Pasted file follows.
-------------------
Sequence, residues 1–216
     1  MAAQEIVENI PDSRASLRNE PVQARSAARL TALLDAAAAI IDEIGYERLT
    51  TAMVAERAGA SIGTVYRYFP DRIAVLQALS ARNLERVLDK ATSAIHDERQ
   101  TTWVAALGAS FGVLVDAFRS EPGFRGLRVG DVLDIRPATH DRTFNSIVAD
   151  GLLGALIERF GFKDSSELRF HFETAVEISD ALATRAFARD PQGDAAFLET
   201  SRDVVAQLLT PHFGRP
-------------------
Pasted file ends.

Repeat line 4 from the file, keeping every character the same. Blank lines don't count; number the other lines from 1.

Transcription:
   101  TTWVAALGAS FGVLVDAFRS EPGFRGLRVG DVLDIRPATH DRTFNSIVAD